A sequel describes the contest between Jesus and Satan for the souls of humankind.
In his autobiographical debut, Lucas (The Potter and the Clay, 2014) recounted his tumultuous journey from drug-addled dissipation to redemption through Jesus. In this volume, he relates the traps set by Satan for those who have yet to craft a strong relationship with Jesus, and the various ways in which one can resist evil and craft a joyous spirituality: “The purpose in my writing this book is to expose the fallacy of Satan’s intentional mental warfare designed to crush the spirit and decrease the stability of our minds.” According to the author, people live in times particularly susceptible to Satan’s mendacious attacks, given the undermining of objective truth by postmodern culture. Furthermore, Satan—“the father of the unbelieving slaves”—exploits people’s credulity to appeal to their principal temptations: “the lust of the flesh, the lust of the eyes, and the pride of life.” Those who are lost in depression and loneliness are Satan’s primary targets, but the good news is that God maintains a “special heart” for those trapped in suffering. Lucas draws on Scripture and his own personal experiences to describe the spiritual redemption made available to everyone by Jesus’ sacrifice. He also furnishes arguments regarding the historicity of Jesus as well as his ministry’s fulfillment of biblical prophecy. The author’s anecdotal remembrance of his own perilous journey from anguish to spiritual contentment is both remarkable and inspiring. In addition, he provides a thorough rendering of Satan’s role in Christian theology. Still, the point of the book is less argumentative persuasion than Christian cheerleading, presented as a homiletic sermon more than a philosophical study: “I know from experience that if there’s one thing that strikes fear in the darkened soul of Satan, it’s the name of Jesus!” While Lucas’ entreaties may very well become a source of encouragement to the faithful in need of it, they will not convince unbelievers. This is a work of preaching—unsurprising because the author is in fact an Evangelical preacher—and a rousing one at that.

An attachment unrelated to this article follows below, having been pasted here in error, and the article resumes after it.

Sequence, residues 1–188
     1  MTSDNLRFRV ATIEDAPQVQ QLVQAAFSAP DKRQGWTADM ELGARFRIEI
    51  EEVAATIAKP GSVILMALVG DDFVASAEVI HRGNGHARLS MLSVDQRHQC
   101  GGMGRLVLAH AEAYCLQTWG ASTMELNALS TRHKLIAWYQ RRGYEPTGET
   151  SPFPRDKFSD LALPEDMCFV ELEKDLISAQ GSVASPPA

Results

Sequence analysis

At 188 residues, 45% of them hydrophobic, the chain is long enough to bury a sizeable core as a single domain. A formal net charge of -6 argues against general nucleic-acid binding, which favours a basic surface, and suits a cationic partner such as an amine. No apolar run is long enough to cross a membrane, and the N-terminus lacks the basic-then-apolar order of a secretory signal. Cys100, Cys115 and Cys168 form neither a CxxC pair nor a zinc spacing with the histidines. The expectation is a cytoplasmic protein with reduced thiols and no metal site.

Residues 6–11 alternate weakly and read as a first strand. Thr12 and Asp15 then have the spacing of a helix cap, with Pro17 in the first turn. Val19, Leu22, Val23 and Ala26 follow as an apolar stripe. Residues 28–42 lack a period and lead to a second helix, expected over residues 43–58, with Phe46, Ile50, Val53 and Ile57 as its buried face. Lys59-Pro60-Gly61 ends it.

A stirring spiritual account for Christians searching for motivation.